Lest we forget.
Thinking of the men who died for our way of life from RAF North Luffenham and RAF Woolfox Lodge, local resident Gareth Jones is looking at how the heritage of these battlefields can be recognised.
Gareth has researched the background of the airmen buried in North Luffenham churchyard, and has recorded them on his website
You may be interested in his blog and some amazing stories documented there.
The WW2 men resting in the North Luffenham churchyard are a minor sample from Bomber Command war, where 55,500 aircrew died and 8403 were wounded. Not known is how many RAF and WRAF lost their lives on the ground. There are also 11 war graves at North Luffenham from the Royal Canadian Air Force in 1952, 53 and 54 in the Cold War.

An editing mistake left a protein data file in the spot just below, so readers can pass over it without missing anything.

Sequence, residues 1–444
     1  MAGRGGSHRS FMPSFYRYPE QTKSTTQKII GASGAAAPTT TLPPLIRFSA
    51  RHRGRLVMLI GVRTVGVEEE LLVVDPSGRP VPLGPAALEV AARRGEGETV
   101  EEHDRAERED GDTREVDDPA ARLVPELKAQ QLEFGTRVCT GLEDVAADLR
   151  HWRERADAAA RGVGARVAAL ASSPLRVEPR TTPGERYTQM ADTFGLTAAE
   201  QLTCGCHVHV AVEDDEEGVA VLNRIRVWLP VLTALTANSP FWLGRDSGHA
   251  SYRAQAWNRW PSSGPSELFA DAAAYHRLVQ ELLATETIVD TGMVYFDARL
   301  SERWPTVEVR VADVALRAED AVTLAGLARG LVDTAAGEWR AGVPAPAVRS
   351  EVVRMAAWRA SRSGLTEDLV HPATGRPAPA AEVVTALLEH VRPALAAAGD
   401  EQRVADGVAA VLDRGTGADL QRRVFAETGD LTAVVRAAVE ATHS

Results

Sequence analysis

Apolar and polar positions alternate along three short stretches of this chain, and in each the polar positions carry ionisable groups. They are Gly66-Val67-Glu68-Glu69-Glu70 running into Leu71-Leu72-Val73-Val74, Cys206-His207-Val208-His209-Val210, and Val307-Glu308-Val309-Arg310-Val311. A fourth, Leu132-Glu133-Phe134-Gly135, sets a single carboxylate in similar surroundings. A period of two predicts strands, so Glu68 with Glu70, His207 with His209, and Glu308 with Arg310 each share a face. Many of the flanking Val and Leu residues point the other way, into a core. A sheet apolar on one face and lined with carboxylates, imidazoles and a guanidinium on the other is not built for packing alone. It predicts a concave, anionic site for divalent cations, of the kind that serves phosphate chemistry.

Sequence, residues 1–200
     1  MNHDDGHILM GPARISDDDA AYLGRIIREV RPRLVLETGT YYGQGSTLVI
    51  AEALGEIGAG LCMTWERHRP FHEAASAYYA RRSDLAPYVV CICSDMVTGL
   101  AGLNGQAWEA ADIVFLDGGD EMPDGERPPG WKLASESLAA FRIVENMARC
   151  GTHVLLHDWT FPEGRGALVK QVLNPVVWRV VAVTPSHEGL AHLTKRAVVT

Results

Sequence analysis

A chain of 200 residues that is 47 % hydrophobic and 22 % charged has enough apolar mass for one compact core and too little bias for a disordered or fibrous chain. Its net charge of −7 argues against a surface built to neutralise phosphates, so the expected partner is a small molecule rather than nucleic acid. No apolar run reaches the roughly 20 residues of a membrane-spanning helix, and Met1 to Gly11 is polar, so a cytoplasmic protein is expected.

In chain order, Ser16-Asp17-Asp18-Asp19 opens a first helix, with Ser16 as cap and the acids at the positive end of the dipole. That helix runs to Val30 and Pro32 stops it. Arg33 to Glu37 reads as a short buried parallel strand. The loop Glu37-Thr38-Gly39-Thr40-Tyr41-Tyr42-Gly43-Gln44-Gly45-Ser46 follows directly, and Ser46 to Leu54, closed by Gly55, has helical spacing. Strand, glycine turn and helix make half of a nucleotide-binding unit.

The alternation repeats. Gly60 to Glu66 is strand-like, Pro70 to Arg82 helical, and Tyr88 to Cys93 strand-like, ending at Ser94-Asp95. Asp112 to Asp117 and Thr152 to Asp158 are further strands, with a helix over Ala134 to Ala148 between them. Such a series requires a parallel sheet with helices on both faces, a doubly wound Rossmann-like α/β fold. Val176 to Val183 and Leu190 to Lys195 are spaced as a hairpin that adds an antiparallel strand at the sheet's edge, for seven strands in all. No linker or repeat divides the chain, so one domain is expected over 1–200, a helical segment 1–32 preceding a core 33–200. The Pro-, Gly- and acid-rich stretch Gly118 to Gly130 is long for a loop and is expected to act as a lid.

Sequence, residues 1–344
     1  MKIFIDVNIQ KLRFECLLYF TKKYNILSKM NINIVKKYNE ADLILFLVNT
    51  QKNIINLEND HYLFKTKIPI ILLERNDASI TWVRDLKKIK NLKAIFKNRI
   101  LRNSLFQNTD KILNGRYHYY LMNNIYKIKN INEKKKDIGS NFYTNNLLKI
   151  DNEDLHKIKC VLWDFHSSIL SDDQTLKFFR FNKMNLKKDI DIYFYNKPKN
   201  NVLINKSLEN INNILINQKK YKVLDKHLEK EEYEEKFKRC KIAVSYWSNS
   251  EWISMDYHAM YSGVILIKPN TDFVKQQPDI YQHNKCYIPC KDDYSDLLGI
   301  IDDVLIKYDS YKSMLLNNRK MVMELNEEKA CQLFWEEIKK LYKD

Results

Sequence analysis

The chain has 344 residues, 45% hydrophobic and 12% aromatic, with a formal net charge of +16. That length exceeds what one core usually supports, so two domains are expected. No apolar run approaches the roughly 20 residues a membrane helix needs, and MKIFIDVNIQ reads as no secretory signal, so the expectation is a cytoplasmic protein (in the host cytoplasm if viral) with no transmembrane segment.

We will remember them. Please contact me if you are interested or have any stories to add. http://www.rafnorthluffenhamheritage.me.uk/?p
You may also recall the previous posts on the website recording the men from North Luffenham who died during World War 1
I see that you have an interest in woolfox aerodrome. My father lived in a house right adjacent to the end of the runway there during the war and when he was a child. He used to tell us about a German plane crashing nearby. He was at the scene and managed to get hold of a German dagger inscribed with ‘Blut und Ehre’. His father was a shepherd. They were eventually moved by officials for being too close to the airdrome. When we were children our parents used to take us to the abandoned aerodrome where we used to pick buckets full of blackberries from bays off the runway. We also occasionally used to play in the old control tower but it always felt a bit spooky so we didn’t go often.